I am happy to admit that one of the traditions around our house this time of year is to watch a whole bunch of Hallmark Channel Christmas movies. This year, between my depression, the state of the world, and the fact that pitchers and catchers don’t report for another two months, they have been a solace more than a diversion. It helps to see a happy ending, even when you can see it coming from the opening scene. Though I know the movies are fair game for criticism on a number of levels, I am choosing not to qualify what I’ve said so far. I’ll say it again: I’ve watched a lot of these movies and I have enjoyed them.
But I brought up my Christmas viewing habits tonight for a particular reason. The arc of the endings has given me pause for thought. They all follow the same formula: two disconnected people find each other, become attracted to one another, then something happens just as you think everything is going to work out to derail the love train, until they realize the complication was not the barrier they thought and they live happily ever after. What I noticed is the final turn always happens with ten minutes left in the movie. You can set you watch by it, if you still have a watch you have to set.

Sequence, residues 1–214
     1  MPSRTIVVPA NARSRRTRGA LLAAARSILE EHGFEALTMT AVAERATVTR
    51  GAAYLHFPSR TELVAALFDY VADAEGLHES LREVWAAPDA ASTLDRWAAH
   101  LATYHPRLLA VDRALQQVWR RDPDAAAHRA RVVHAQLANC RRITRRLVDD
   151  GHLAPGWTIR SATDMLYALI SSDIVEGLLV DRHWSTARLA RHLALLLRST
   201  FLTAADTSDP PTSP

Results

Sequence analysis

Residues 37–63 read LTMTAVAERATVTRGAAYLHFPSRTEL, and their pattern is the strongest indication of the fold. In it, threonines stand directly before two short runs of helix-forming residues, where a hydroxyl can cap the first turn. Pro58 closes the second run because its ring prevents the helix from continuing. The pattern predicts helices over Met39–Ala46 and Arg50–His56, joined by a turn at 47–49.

The consistency of the ten-minute pattern has given me what I think may be a viable plan for world peace. If we would set our alarms for ten till the hour and, when the alarm goes off, proclaim to whomever is around us, “We have ten minutes to make things right with one another. Let’s get to work,” I think we could change things. Ten minutes of every hour to clear the air, reset expectations, hug it out—whatever it takes.
Maybe I have watched too many movies. And maybe ten minutes could really make a difference.